Redefining Local Toxicity Assessment

Part 1 – The Role of Animal-Free Non-Clinical Platforms in Drug Development

In the intricate world of drug development, the quest for precision, safety, and efficacy is unending.

Traditional toxicity assessment methods using animal models, while historically significant, have shown discernible limitations in their predictability of human responses.

As the biotech and pharma sectors continue to push the boundaries of innovation, there is an imperative need to critically evaluate these traditional paradigms and transition towards more human-relevant testing platforms.
Welcome to the first article of our three-part series, where we will delve into the challenges inherent in conventional testing methods and how non-clinical platforms can revolutionize the prediction of skin toxicity upon injection.

The Limitations of Traditional Testing Methods

Inaccuracy and Variability

Despite their widespread use, traditional testing methods often grapple with the challenge of accurately replicating human responses. Animal models, for instance, have been the cornerstone of drug testing with approximately 20 million animals used for research and testing in the US as of 2020 and around 9.4 million in the EU during the same timeframe1. While their contributions to science and medicine are undeniable, the physiological differences between traditional animal models and humans can lead to potential discrepancies in results.
Animal testing, which is primarily utilized to anticipate human toxicity, frequently emerges as an unreliable predictor of drug safety in humans. Such inconsistencies not only escalate costs but also introduce delays in drug approvals, potentially sidelining drugs that could be beneficial for human use and inadvertently exposing human subjects to risks during clinical trials2.

Ethical Concerns

The ethical dimensions of animal testing have long been a subject of intense debate. In 1959, “The Principles of Humane Experimental Technique” introduced the world to the “3 Rs” principles: reduction, refinement, and replacement of animal use in research.3 These principles, now foundational in animal research guidelines, advocate for minimizing animal usage, alleviating their distress, and exploring non-animal alternatives. Yet, the full realization of the “3 Rs” remains elusive, and concerns linger regarding the comprehensive adoption of these principles, the evolving comprehension of animal cognition, and the genuine efficacy of animal testing in predicting human outcomes3.

3Rs rule in drug development: Reduce the use of animal, Refine tests to decrease animal suffering, Replace traditional test with alternative animal-free methods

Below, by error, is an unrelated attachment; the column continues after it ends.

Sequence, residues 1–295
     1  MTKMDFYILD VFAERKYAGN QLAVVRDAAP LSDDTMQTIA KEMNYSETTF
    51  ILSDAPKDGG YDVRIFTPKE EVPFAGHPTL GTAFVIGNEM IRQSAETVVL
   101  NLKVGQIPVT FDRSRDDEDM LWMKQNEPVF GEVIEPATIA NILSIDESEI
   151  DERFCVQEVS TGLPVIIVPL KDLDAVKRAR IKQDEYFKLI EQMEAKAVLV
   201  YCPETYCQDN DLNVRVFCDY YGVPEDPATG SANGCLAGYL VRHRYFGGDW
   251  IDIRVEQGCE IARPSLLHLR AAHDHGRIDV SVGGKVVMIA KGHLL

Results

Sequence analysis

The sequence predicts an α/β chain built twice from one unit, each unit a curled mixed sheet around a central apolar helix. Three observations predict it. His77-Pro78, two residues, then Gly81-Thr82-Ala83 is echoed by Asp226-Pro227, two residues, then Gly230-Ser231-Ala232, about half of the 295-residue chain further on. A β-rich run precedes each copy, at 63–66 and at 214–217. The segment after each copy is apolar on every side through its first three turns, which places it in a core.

3Rs rule by W. Russell and R. Burch published in "The Principles of Humane Experimental Technique" in 1959.

Time and Cost Implications

The financial and temporal aspects of drug development are significantly impacted by the choice of testing methods. Traditional animal testing protocols can be both protracted and costly. The transition of drugs from animal testing to human treatments witnesses a staggering failure rate exceeding 92%, predominantly attributable to unforeseen toxicity or lack of efficacy4.
When a drug falters in advanced clinical trial stages due to unpredicted side effects, the financial ramifications can be profound.
In contrast, New Approach Methodologies (NAMs) like 3D cell culture models, computational modeling, and ex vivo models offer insights more attuned to human responses, showcasing greater predictability than traditional animal models.

Concluding Remark

That wraps up the first part of our series, highlighting the need for a shift from traditional toxicity testing methods, especially for those in the business of developing injectable therapeutics. These traditional methods have their place but fall short when it comes to accurately de-risking drugs designed for injection.
But there’s more to come!
In our next article, we’ll explore non-clinical alternative methods that are stepping up to meet the challenges in toxicity testing. And we’ll conclude the series with a forward-looking discussion on the future of non-clinical first-in-human studies, offering a sneak peek into the future of safer and more effective injectable drug development.
Stay tuned!

Interested in non-clinical toxicity testing?


1A Annual number of animals used in research and testing in selected countries worldwide as of 2020.

2Van Norman, Gail A. “Limitations of Animal Studies for Predicting Toxicity in Clinical Trials: Is it Time to Rethink Our Current Approach?.” JACC. Basic to translational science vol. 4,7 845-854. 25 Nov. 2019

3Ferdowsian, Hope R, and Nancy Beck. “Ethical and scientific considerations regarding animal testing and research.” PloS one vol. 6,9 (2011): e24059

4Marshall LJ, Bailey J, Cassotta M, Herrmann K, Pistollato F. “Poor Translatability of Biomedical Research Using Animals — A Narrative Review“. Alternatives to Laboratory Animals. 2023;51(2):102-135.


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